Unveiling Allison Russell: The New Face of Americana Music
In the year 2023, Allison Russell has come as close as anyone is to being the face of Americana music, even though there are any rock-solid artists who’ve been in the limelight longer than she has — like Jason Isbell, Lucinda Williams and her friend and mentor Brandi Carlile — who certainly count as poster boys and girls.
Building a Beloved Community
She might even be the front-runner for the artist of the year prize at the upcoming Americana Honors & Awards show, which takes place in Nashville Sept. 20, notwithstanding that Billy Strings has been nominated again to defend his title. Russell prefers to see these things in community-building, not competitive, terms, but to an extent, it’s that very coalition-mindedness that has made her beloved in these communities, along with her providing a bold and sweet new voice as a Black, queer woman.
A Seasoned Musician
Russell’s new album, “The Returner,” released Friday, is only her second album under her own name, so even fans may think of her as a newcomer on the scene, following the 2021 release of her solo debut, “Outside Child,” which won her an album of the year trophy at last September’s Americana Awards. But, as the Canadian-born, Nashville-based artist occasionally has to remind people, she’s been at this for 18 years, as part of the duos or groups Birds of Chicago and Po’ Girl (with her husband, JT Nero) and Our Native Daughters (with Rhiannon Giddens, Amythyst Kiah and Leyla McCalla).
“Of course it’s thrilling to win something and it’s fun to be celebrated, but I’ve never made art to do that. For 18 years, I was uncelebrated,” she says. “For 18 years, nobody gave a shit about what I was doing, and I still made art. The only thing that is different about having it be recognized is that it means maybe a few more people will listen to me when I continue to crow about these brilliant artists that I get to be in community with.”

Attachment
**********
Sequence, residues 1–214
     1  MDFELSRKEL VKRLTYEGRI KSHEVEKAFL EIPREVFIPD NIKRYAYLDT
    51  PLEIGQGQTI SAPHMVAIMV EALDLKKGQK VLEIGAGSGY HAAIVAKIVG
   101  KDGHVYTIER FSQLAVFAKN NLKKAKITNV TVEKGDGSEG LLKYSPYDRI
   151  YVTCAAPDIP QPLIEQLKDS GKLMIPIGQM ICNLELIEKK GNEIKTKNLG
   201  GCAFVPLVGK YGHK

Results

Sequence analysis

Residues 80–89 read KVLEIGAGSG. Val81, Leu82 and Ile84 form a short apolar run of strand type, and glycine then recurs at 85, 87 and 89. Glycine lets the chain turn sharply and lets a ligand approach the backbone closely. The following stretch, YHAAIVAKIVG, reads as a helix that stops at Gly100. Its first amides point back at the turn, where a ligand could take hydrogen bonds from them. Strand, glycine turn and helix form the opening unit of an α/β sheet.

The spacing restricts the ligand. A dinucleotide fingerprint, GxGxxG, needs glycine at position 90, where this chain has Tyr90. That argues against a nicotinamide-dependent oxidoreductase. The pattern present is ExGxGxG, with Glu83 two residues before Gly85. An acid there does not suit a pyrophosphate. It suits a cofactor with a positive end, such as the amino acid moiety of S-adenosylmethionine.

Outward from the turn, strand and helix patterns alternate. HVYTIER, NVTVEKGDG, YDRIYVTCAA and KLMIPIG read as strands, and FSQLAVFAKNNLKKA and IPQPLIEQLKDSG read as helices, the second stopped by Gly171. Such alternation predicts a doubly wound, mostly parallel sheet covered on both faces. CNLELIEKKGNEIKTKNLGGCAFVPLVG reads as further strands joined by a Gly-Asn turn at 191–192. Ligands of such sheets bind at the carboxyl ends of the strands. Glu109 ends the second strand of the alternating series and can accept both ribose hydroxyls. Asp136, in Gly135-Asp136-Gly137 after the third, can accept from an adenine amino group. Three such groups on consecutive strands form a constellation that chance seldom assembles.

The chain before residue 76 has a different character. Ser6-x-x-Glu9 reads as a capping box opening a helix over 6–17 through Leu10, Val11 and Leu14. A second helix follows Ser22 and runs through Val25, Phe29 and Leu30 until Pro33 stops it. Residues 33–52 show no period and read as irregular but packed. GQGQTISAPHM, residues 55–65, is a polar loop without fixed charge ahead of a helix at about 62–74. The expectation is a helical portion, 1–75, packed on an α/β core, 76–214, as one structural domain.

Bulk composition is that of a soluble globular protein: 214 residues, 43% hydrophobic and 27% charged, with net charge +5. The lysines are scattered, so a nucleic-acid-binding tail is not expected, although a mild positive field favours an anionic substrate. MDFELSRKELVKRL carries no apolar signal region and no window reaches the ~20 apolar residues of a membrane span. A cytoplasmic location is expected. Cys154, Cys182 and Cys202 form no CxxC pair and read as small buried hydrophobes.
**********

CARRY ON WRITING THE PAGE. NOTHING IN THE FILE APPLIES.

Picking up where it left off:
A Conversation with Allison Russell
The day before the rapturous “The Returner” came out, Russell got on the phone with Haber Tusba to talk about the new album and its more pronounced grooves; her very specific — or much more expansive — definition of Americana; the status of her memoir; and being Joni Mitchell’s current favorite reed player. (Scroll down to see her “Returner” tour dates, which start Oct. 13 and include stops in L.A. Nov. 1 and New York City Nov. 30.)
Exciting Times for Allison Russell
Even before this album came out, you’ve gotten to have an exciting year. At the Joni Jam at the Gorge up in Washington, you got to be Joni Mitchell’s clarinet player, among other contributions.
That was incredible. The first time I heard clarinet was on Joni Mitchell’s song “For Free,” and it imprinted on me. I was a tiny toddler hiding under the piano at my grandma’s house listening to my mom play along to the “Ladies of the Canyon” album, and I remember the electricity going through my little tiny toddler brain, hearing that clarinet for the first time. Then to come so full-circle and play clarinet on stage with Joni and have her be so into it, I’ll never get over that. I’ll never get over her saying “the most beautiful clarinet player ever.” It’s on record: I get to hear my hero say that. It’s so meta and joyful and surreal.
Transition from “Outside Child” to “The Returner”
Your previous record, “Outside Child,” dealt a lot with real trauma from your childhood and youth. The new album, “The Returner,” is more outrightly celebratory, and it starts off with the lines, “So long, farewell, adieu, adieu to that tunnel I went through.” That seems kind of like a deliberate segue that will speak to anyone familiar with the last album. Do you think about how the new record will play to people who relate to it as a sort of sequel to the previous one, versus all the people who will be having their first experience of you through this album?